1 What will I do to establish and communicateArguably the most basic issue a teacher can consider is what he or she will do to
establish and communicate learning goals, track student progress, and celebrate
success. In effect, this design question includes three distinct but highly related elements: (1) setting and communicating learning goals, (2) tracking student progress,
and (3) celebrating success. These elements have a fairly straightforward relationship. Establishing and communicating learning goals are the starting place. After all,
for learning to be effective, clear targets in terms of information and skill must be
established. But establishing and communicating learning goals alone do not suffice
to enhance student learning. Rather, once goals have been set it is natural and necessary to track progress. This assessment does not occur at the end of a unit only but
throughout the unit. Finally, given that each student has made progress in one or
more learning goals, the teacher and students can celebrate those successes.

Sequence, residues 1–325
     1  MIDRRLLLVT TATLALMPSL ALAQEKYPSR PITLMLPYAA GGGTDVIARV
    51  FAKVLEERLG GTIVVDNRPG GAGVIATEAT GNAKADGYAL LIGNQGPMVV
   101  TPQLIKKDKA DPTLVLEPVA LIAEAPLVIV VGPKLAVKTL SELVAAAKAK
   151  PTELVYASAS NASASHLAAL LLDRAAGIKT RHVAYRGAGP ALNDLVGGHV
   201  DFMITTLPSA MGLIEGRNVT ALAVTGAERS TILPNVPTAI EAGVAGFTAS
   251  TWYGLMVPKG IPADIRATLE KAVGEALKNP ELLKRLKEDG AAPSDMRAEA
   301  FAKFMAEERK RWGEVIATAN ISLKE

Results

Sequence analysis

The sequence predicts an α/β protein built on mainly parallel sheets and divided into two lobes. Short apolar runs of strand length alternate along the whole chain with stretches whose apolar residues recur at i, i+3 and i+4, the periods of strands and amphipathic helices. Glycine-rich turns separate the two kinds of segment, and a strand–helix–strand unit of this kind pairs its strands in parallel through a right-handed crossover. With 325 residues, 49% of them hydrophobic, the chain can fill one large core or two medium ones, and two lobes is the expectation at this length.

learning goals, track student progress,
and celebrate success?
In the ClassroomLet's start by looking at a classroom scenario as an example. Mr. Hutchins begins
his unit on Hiroshima and Nagasaki by passing out a sheet of paper with the
three learning goals for the unit:
|• ||• Goal 1. Students will understand the major events leading up to the
development of the atomic bomb, starting with Einstein's publication
of the theory of special relativity in 1905 and ending with the development of the two bombs Little Boy and Fat Man in 1945|
Questia, a part of Gale, Cengage Learning. www.questia.com
Book title: The Art and Science of Teaching: A Comprehensive Framework for Effective Instruction.
Contributors: Robert J. Marzano - Author.
Publisher: Association for Supervision and Curriculum Development.
Place of publication: Alexandria, VA.
Publication year: 2007.
Page number: 9.
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